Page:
However, things are already looking up for hospitals such as Fortis and Max. Fortis officials, in August, confirmed that there was an uptick in their patient load and revenues. Max Healthcare’s “liquidity and balance sheet has not been impacted due to COVID-19” in August, Soi told CNBC-TV18, adding that while pre-COVID occupancy levels were at 70-75%, they had fallen to 65% during the pandemic. “The worst seems to be behind us,” he said.
“The corporate hospitals’ lament with their balance sheets does not impress me. If the sector is so unviable for them, they should shut shop,” said Yogesh Jain, a doctor and founder member of Jan Swasthya Sahyog, a non-profit hospital in rural Chhattisgarh. “Clearly, something makes it viable for them. Their prices are high because they have been looking for business in this COVID crisis.”
“They charge everything from an individual patient. We have seen that in how they billed each patient separately for PPEs during the pandemic. This is how they inflate costs, recovering everything from every patient, many times over,” said Jain, questioning the billing practices of private hospitals. (Read about IndiaSpend’s investigation into over-billing of PPEs in private hospitals.) Jain also questioned private hospitals’ complaints about quarantining their staff when even public hospitals have had to do the same with their staff.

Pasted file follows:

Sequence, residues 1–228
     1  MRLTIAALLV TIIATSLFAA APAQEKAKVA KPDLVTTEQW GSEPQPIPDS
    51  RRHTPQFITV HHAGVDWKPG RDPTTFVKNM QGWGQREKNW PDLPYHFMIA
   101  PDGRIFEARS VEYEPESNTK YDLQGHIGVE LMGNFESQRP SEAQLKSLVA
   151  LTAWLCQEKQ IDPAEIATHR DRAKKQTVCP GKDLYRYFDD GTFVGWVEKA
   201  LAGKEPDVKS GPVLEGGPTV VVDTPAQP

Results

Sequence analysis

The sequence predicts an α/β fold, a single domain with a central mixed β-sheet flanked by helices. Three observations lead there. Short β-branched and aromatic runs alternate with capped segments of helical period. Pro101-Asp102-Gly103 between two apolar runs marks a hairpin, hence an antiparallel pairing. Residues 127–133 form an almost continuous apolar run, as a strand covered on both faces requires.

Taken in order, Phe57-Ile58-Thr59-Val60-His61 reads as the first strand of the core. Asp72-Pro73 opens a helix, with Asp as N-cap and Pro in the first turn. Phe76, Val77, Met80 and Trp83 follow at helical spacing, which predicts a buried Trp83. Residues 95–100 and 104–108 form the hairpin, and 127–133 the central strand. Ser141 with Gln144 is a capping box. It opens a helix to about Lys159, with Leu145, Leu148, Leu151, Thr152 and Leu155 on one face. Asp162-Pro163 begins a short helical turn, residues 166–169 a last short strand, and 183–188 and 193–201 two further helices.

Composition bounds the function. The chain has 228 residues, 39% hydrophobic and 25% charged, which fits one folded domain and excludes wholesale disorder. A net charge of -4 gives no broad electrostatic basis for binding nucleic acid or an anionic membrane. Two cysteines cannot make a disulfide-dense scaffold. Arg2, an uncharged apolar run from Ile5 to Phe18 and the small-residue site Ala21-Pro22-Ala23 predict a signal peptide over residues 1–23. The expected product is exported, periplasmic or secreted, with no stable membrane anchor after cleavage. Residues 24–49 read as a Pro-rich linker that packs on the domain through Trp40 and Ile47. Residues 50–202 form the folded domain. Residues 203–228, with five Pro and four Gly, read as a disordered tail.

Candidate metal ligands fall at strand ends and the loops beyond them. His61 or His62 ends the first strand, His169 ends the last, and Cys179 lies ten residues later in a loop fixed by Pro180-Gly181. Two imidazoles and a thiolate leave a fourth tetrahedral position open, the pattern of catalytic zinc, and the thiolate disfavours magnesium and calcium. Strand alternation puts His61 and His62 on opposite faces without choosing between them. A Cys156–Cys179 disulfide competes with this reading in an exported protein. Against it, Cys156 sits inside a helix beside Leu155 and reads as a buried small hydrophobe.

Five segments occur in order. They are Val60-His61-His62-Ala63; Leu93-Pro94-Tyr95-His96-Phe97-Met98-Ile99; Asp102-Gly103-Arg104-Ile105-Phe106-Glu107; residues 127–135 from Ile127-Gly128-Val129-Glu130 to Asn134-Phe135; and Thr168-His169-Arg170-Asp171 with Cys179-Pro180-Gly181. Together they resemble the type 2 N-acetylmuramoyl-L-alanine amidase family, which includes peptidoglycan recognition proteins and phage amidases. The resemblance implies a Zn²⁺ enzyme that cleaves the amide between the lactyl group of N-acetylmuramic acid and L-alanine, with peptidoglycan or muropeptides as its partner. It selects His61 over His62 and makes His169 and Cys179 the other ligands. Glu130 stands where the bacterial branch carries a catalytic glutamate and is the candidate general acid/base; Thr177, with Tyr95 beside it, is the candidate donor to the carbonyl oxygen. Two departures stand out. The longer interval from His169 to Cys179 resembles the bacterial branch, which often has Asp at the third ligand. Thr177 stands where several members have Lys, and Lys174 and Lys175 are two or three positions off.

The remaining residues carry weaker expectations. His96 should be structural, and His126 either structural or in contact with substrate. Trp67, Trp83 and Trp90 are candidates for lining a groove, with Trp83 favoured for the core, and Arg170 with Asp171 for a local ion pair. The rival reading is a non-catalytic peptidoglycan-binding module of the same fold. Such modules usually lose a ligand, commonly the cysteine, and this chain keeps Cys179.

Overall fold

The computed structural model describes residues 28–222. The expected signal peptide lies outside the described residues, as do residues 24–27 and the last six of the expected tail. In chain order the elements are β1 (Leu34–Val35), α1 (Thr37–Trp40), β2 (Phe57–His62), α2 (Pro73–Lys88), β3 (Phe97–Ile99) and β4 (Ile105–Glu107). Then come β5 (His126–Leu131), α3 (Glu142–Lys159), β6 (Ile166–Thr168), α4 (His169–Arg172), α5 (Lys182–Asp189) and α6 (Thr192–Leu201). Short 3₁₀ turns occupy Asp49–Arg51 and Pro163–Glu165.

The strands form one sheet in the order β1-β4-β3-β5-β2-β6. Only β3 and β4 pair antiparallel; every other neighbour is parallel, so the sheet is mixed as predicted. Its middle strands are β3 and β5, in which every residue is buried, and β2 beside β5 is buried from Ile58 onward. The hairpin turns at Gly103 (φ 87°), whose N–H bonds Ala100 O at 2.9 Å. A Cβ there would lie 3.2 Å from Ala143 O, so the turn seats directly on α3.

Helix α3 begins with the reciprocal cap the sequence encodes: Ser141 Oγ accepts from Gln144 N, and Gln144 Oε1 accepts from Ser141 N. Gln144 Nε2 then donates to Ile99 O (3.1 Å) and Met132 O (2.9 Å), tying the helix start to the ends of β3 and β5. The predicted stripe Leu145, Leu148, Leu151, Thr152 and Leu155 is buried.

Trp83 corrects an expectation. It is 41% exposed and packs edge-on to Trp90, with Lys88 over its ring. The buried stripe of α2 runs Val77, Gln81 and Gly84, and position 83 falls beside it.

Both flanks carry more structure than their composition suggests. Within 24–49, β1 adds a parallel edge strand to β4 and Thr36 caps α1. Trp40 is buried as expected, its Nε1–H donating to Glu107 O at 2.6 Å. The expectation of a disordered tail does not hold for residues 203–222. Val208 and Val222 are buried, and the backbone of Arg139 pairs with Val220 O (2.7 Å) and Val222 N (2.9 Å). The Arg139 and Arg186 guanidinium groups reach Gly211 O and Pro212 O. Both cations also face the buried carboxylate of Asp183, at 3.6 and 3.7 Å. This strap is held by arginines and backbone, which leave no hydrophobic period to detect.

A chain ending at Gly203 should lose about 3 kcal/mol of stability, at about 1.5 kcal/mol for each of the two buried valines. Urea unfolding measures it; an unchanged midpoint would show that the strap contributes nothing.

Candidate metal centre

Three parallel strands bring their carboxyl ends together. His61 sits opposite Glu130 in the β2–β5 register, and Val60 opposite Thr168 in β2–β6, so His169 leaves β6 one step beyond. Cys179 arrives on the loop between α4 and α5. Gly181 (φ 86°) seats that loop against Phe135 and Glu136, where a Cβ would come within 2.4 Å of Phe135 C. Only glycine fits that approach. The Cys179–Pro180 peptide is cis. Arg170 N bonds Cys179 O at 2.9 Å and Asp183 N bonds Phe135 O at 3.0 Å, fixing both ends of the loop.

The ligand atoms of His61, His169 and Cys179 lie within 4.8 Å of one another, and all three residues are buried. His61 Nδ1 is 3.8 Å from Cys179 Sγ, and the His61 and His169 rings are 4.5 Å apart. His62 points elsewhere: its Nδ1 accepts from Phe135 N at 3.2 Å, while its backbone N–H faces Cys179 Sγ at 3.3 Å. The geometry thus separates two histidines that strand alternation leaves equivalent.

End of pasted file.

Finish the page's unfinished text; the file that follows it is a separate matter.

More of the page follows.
There’s no question that private hospitals big and small have taken a financial hit during the early months of the pandemic, said a healthcare analyst at a multi-national advisory firm in India. “We only have the data from the financial filings of corporate hospitals so we know how they have been affected. But thousands of smaller hospitals in big cities and small cities have taken a hit and may not recover. We don’t know the extent of this hit because these are not listed companies,” he said, requesting not to be named.
He expects big corporate hospitals to tide over this and recover by the end of this year, but believes the pandemic has exposed the weaknesses of smaller private hospitals and public hospitals, too.
Support for affordable public health, in fact, comes from a surprising quarter--the private sector itself. “I am sorry to say that privatising healthcare is not the solution for a country like India. No matter how much a private hospital reduces the treatment charges, they simply cannot treat a patient with no money in his pocket,” said Shetty in his note to investors in the 2019-20 annual report.
(Bhuyan is a special correspondent at IndiaSpend.)